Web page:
Small Business Thinking in a Fortune 100 Sales Force

Yesterday I spoke to the executive team for a Fortune 100 company whose issues are exactly the same as those faced by small and medium sized businesses – except for one difference.  Their dynamic leader wants to attack the market as the economy sputters whereas many who lead smaller companies choose to wait it out.

So how much of this is economic leverage because they have the money to attack?  And what can you do?

While a big company certainly has deeper pockets to weather the storm, I believe that most of what this leader wants can be found in his mindset. If everyone else is tightening their belts then let’s be more agressive.  If everyone else is afraid of what’s to come, then let’s be confident.  If everyone else is content to lose business to scared competitors who are offering their products at fire sale prices, then let’s build more value, stick to our guns and protect our margins.  If everyone else stops spending money, then let’s get what we need now in a buyers market.

They also want to evaluate their sales organizations.  When the economy slows, companies quickly learn that salespeople who were doing great just a year ago, suddenly find it difficult to overcome the resistence from prospects and customers who aren’t so eager to buy.  Weaknesses that impact sales performance,  undetected in a strong economy, become exposed in an uncertain or worsening economy.  Order takers go out of business.  Evaluating the sales force identifies these issues early and helps companies take action to get the right people into the right seats and replace or redeploy those who shouldn’t be on the bus.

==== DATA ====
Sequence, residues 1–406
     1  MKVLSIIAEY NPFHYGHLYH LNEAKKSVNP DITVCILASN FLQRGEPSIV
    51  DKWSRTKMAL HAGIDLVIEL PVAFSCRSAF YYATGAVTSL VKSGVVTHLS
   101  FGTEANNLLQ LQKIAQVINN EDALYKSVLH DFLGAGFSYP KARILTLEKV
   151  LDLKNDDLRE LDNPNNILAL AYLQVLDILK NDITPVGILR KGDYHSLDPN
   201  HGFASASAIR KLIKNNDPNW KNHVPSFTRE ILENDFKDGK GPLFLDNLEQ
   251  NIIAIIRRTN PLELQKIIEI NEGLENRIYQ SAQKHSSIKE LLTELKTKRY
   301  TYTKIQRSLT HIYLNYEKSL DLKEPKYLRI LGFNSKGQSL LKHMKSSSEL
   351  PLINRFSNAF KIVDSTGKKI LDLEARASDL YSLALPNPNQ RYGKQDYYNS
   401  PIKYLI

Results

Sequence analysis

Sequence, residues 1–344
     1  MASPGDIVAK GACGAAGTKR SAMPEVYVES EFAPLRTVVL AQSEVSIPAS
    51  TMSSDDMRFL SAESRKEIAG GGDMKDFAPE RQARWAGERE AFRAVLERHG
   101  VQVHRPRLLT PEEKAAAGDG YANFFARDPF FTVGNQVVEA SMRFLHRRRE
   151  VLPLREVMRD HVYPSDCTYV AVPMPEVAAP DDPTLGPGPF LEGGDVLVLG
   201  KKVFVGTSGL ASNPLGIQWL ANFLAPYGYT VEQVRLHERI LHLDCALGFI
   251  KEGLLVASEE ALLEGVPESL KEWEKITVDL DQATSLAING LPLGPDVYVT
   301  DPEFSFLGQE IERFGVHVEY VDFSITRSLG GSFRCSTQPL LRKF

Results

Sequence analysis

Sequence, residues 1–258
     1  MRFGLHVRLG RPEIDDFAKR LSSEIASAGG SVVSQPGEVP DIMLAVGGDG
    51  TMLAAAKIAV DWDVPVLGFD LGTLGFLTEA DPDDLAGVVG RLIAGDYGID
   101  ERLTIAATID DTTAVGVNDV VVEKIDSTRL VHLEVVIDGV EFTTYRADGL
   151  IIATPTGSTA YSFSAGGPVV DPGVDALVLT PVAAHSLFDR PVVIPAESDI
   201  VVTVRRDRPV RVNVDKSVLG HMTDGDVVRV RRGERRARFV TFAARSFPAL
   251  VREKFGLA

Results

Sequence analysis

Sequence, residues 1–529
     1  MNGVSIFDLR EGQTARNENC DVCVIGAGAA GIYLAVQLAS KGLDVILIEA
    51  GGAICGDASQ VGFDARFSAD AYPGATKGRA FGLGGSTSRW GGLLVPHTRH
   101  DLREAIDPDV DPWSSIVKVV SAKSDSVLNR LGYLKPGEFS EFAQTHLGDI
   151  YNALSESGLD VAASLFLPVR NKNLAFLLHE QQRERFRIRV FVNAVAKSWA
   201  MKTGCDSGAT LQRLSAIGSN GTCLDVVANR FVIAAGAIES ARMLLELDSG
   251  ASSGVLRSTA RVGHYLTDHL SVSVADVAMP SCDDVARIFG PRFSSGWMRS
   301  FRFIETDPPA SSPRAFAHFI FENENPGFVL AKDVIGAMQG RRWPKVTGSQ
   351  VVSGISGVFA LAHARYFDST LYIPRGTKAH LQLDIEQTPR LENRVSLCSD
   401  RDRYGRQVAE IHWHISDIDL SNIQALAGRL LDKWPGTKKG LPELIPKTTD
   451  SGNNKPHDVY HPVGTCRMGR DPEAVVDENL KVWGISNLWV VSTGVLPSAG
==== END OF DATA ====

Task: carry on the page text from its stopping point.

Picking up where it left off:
Are these strategies only applicable to the Fortune 100?  I don’t think so.  Is this thinking unique to the Fortune 100?  Definitely not!  As a matter of fact, most big companies don’t think like this and are very slow to make changes.  This is small business thinking and you should be thinking like this too.

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